- Lithium-Ion — This is the most common battery type that you will see in electric bikes, partially due to their widespread and relatively inexpensive production methods. Lithium-ion batteries are everywhere, on much smaller scales: in phones, laptops, and most rechargeable small appliances found in your home. Lithium-ion batteries tend to last for about three to five years in total before needing to be replaced, at which point they will be at 50% charging capacity.
- Lithium Iron Phosphate — A branch of lithium-ion, lithium iron phosphate batteries have a longer life expectancy due to the chemical nature of its production. These can discharge just about 100% of all retained electricity before taking in another charge, which is one of the areas that lithium-ion batteries begin to fail at towards the end of their life cycle. These can last for five to seven years, and in some rare cases upwards of a decade.
- SLA — SLA batteries are sealed lead acid, and are common in just about all vehicles made in North America. These batteries may be used in ATVs, small motorbikes and other similar vehicles, but rarely in electric bikes. Since your electric bike is designed to be somewhat portable and easy to move around, SLA batteries are not ideal because you will actually move around the sealed acid within the battery. These go by a variety of other names, such as AGM and VRLA.
How to Replace Batteries on Your eBike
Your battery will be centered in some sort of housing. In most cases, it’s a case that’s beneath the bicycle seat or beneath the frame over the rear wheel. It will be easy to spot, and once you’ve found it, unscrew the case.
At this point, make sure that your electric bike is turned off, and that the throttle is off as well. The housing will easily come out of the bike, just be careful of the wiring and don’t put stress on the area that’s still connected to the drivetrain.
Detect the battery or batteries. Some models will use two 12V 12AH SLA batteries, which are usually sauntered into place. If you don’t have experience with removing sauntered items, close the case up and seek a professional. If it’s not, you may proceed.
Notice how the wires are housed and how the battery is connected. Disconnect your old battery from the wiring and remove it from the housing. Place the new battery in the same spot, and wire it the same way that the old battery was. Reverse engineer your steps to secure the housing back together, and in its rightful place.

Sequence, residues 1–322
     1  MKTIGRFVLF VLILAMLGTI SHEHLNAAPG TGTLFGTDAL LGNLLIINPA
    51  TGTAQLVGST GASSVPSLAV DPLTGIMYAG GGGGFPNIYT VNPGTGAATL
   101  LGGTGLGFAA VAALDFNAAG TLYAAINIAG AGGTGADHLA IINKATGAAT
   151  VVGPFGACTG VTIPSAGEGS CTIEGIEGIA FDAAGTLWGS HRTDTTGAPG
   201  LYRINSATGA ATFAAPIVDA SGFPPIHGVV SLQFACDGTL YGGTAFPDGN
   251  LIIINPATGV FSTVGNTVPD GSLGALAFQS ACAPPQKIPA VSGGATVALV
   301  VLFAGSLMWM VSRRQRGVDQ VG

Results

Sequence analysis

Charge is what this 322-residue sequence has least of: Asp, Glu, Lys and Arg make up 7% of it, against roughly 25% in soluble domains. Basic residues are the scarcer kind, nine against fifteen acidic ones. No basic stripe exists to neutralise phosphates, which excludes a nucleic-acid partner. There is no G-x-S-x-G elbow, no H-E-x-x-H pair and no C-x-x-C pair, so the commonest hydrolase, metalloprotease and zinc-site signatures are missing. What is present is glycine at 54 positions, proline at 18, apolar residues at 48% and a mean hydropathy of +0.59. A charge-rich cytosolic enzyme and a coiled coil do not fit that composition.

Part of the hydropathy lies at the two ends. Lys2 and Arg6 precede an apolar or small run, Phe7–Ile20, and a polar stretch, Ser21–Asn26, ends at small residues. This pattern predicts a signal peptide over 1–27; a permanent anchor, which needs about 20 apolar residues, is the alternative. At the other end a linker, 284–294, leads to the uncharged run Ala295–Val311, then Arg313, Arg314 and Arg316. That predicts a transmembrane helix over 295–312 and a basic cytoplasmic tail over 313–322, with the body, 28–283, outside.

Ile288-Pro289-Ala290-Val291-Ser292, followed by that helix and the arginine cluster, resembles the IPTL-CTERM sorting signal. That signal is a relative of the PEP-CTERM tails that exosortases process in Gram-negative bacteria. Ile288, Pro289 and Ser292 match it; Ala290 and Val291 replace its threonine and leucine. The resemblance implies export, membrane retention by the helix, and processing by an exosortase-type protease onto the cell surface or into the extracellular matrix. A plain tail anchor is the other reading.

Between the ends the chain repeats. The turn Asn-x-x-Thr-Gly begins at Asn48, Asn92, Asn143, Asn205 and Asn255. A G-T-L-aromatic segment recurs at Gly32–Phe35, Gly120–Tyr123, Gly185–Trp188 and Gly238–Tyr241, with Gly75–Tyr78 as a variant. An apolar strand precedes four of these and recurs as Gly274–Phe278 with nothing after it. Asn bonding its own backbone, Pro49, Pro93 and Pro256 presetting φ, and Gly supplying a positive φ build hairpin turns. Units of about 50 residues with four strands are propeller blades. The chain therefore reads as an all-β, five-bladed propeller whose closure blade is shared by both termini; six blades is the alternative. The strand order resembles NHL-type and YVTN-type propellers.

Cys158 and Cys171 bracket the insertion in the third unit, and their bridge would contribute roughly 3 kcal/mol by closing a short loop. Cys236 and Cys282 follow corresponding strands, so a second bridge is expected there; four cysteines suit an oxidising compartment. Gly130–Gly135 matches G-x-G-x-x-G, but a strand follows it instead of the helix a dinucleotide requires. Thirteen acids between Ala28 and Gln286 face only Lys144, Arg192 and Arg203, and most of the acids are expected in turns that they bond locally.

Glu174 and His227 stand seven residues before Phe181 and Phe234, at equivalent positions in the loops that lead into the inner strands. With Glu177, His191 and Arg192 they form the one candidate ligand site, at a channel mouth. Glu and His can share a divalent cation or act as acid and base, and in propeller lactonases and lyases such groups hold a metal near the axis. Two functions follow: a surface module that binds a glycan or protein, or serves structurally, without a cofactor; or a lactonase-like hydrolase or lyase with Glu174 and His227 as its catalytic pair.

Will Replacing my Battery Void the Warranty?
You’d have to look at the specific warranty that came with your purchase, but in most cases, this will void your warranty. Most ebike warranties only run for twelve months, and do not cover battery replacement in the first place.
The only time that a manufacturer will be responsible for the battery is if there are major factory defects that caused corrosion, leakage, or an overload of the electric system that led to damages.
It’s important to know that it isn’t the battery replacement that voids the warranty, but rather going into the battery housing.
This indemnifies the manufacturer from any and all responsibility of damages past this point, because there’s no way for them to discern the true cause of the issue.
Take a look at your warranty information before tampering with your electric bike for a replacement, and see if there is a list of certified repair technicians that can take care of this replacement for you.
If they are certified, the warranty should list information stating that the warranty will still be in effect even after repairs.
If You Can’t do It, Seek a Professional
Replacing your battery in its entirety isn’t a difficult task, but if you’d rather not void your warranty or you just don’t have the time to handle it yourself, seek out a professional service to handle this for you.
Your electric bike needs a new battery as soon as possible to maintain operational performance, regardless of how it gets done.
Electric batteries can be expensive, but if you go with a high quality replacement, you should be able to match or exceed the life expectancy of your previous battery. Individual replacement batteries likely haven’t been sitting in a warehouse gradually losing their charge, so they should last you for a very long time.